When it comes to Indian speculative fiction, it’s been, more or less, a glorious year. I had a lot of fun reading Samit Basu’s The Jinn-Bot of Shantiport, which is about a young girl and her monkey-bot brother trying to save their city from corruption, and also an Aladdin retelling, and also a meditation on self-determination and equal rights for marginalized groups, and also the best queer-platonic love story I’ve read in a while. The Last Dragoners of Bowbazar by Indra Das is an enchanting novella that I wished was a novel, about a boy called Ru who is caught between the mundane world of Calcutta and the magical reality that his nomadic, dragon-riding family hails from. Finally, The Mad Sisters of Esi by Tashan Mehta is a gloriously experimental, literary, and lyrical work of fantasy that unfolds inside the cavernous chambers of a mythic whale and across sentient islands, about sisterhood and separation.

On the movies front, I made a very conscious choice to stay away from Marvel’s formulaic assembly-line products, and was pleasantly rewarded with good cinema. In preparation for Asteroid City, I rewatched some of Wes Anderson’s older films, and especially adored The Grand Budapest Hotel. I enjoyed both Christopher Nolan’s Oppenheimer (particularly Cillian Murphy’s searing performance) and Greta Gerwig’s Barbie (in its meme-ification of the patriarchy and musical set-pieces galore). I also caught up on my A24 backlog and liked Past Lives, which seemed to me a leisurely meditation on the enduring power of childhood friendships and the bittersweetness of reconnecting with someone at the wrong place and time, complicated by the bridges and barriers of immigration—and particularly relatable now that I have fewer friends in my city and more folks that I love, cherish, and deeply miss scattered all over the globe. I also liked how the latest Mission Impossible film, despite being one of those “part one” blockbusters, actually felt like a self-contained, satisfying action film—unlike the new (albeit gorgeously animated) Spider-Man adventure that concluded on an annoying cliff-hanger. If I had to pick just one movie that stayed with me, it would have to be Makoto Shinkai’s Suzume—a beautiful, breathtaking road-trip film that follows the adventures of a young girl and a portal keeper (who is turned into a chair for the most part) into a delicate conclusion, accompanied by a wonderful soundtrack.

Clearly, I have a soft spot for narratives that blend magic with the mundane, so I’ll end this piece with a couple more recommendations on similar themes. A Space for the Unbound (developed by Mojiken Studio and published by Toge Productions) is the best indie game I’ve played this year. It’s a slice-of-life adventure game set in suburban Indonesia in the 1990s, ostensibly about two high school sweethearts with some supernatural elements and lovely pixel art, but it’s a fascinating, multi-layered narrative that delves into writer’s block and depression and utterly messes with one’s sense of reality in a very emotional and cathartic way. And lastly, Angela Liu’s poignant story, “Time Is an Ocean” published in Strange Horizons, wherein the domestic life of the suicidal protagonist is interrupted by the timely arrival of a time traveler with a broken time machine, absolutely broke and healed my heart, and is one of the few short fiction pieces that I know I’ll keep coming back to.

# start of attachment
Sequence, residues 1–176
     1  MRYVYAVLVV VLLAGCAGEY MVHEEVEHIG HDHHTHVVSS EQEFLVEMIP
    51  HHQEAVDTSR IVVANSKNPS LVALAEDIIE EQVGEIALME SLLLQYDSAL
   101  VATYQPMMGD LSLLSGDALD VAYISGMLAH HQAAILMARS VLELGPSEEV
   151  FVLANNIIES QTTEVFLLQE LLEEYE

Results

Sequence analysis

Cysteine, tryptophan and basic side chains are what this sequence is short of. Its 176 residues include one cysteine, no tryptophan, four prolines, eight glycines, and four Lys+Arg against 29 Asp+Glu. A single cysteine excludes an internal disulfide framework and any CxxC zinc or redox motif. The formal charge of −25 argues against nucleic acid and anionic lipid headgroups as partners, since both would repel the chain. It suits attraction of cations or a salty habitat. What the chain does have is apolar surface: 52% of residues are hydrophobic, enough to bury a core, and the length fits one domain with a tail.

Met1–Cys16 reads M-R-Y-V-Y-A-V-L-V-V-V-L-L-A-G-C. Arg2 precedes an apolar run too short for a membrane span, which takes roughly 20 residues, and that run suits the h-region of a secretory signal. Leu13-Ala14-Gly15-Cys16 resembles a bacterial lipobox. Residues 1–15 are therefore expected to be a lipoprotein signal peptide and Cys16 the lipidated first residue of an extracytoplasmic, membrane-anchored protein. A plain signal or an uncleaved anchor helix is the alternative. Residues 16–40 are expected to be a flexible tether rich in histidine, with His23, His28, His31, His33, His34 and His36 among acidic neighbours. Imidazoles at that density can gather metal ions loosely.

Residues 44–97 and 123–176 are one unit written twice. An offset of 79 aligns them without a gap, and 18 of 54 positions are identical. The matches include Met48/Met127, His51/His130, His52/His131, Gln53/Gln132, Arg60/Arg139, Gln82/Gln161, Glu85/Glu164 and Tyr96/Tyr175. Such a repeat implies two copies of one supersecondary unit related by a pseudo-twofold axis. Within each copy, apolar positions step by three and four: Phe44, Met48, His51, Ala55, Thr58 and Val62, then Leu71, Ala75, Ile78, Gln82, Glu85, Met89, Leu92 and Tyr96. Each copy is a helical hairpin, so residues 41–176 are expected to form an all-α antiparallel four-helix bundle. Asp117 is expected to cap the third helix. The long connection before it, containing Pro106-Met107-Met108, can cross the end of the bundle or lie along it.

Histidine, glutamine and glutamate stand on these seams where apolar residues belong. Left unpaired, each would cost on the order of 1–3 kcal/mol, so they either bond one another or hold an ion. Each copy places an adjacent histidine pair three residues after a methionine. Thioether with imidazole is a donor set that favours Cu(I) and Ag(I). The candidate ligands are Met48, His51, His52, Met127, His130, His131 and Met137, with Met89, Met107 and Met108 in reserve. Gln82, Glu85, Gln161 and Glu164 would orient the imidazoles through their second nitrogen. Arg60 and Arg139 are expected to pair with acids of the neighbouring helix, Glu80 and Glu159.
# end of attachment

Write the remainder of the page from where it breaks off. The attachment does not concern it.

Eve Morton

Baby on the Fire Escape coverTo paraphrase Amber Dawn, (SF) poetry saved my life this year.

With two toddlers, plus a gigantic house move, I felt the need to seek out old favourites to keep me company rather than working through some of the amazing works that came out this year. This meant a couple of novel rereads from Angela Carter and Frank Herbert, but also poetry. So much poetry. From Audre Lorde to Adrienne Rich and then back to the classics. I also spent so much time on websites like Eye to the Telescope, Star*Line, and the (sadly) now defunct Liminality. Scrolling through short bursts of beauty made me think beyond the mess I was in, and even better, oriented me towards a speculative future I wanted to be in.

But one of the new books I did get a chance to read this year was the wonderful nonfiction literary history Baby on the Fire Escape by Julie Phillips. Though this is a book about creativity and motherhood, there is one chapter devoted to the life and work of Ursula K. LeGuin (I should note, Philips’s previous book was on James Tiptree Jr. and it was phenomenally well-researched). Phillips’s attention to the details of Le Guin’s life and her work made me feel grounded in a reality that I’d never fully felt before. I love Le Guin—still think she’s one of the best writers of sci-fi, regardless of gender—but hearing that she struggled when she first moved with her kids to find a sidewalk for her stroller hit me in a way I could have never imagined. I’ve had that struggle. It sucks. And it makes you think you can’t ever see beyond that lack of sidewalk, of being stuck inside with kids.

But Le Guin figured it out. Eventually.

I spent so much time in 2023 struggling and struggling and feeling like I was never going to get anywhere. To see Le Guin—and many other women in SF—struggle in a similar way with the banal and anxiety-ridden realities of motherhood made me feel as if I could survive and thrive with whatever 2023 threw at me. But I do wish for 2024 to be a touch more quiet, just so I can get more reading done.

Abigail Nussbaum

The Spear Cuts Through Water coverIt’s been a real banner year for science fiction and fantasy, and I can hardly imagine how I’m going to squeeze all the stuff I loved in, but let’s give it a try. In books, Ned Beauman’s Clarke-winner Venomous Lumpsucker mercilessly skewered the environmental-industrial complex, while Tochi Onyebuchi’s criminally under-recognized Goliath reminded us that the future is never evenly distributed. Simon Jimenez’s The Spear Cuts through Water played indescribable games with storytelling and voice, while Adrian Tchaikovsky’s City of Last Chances harkened back to the messy cities of the New Weird.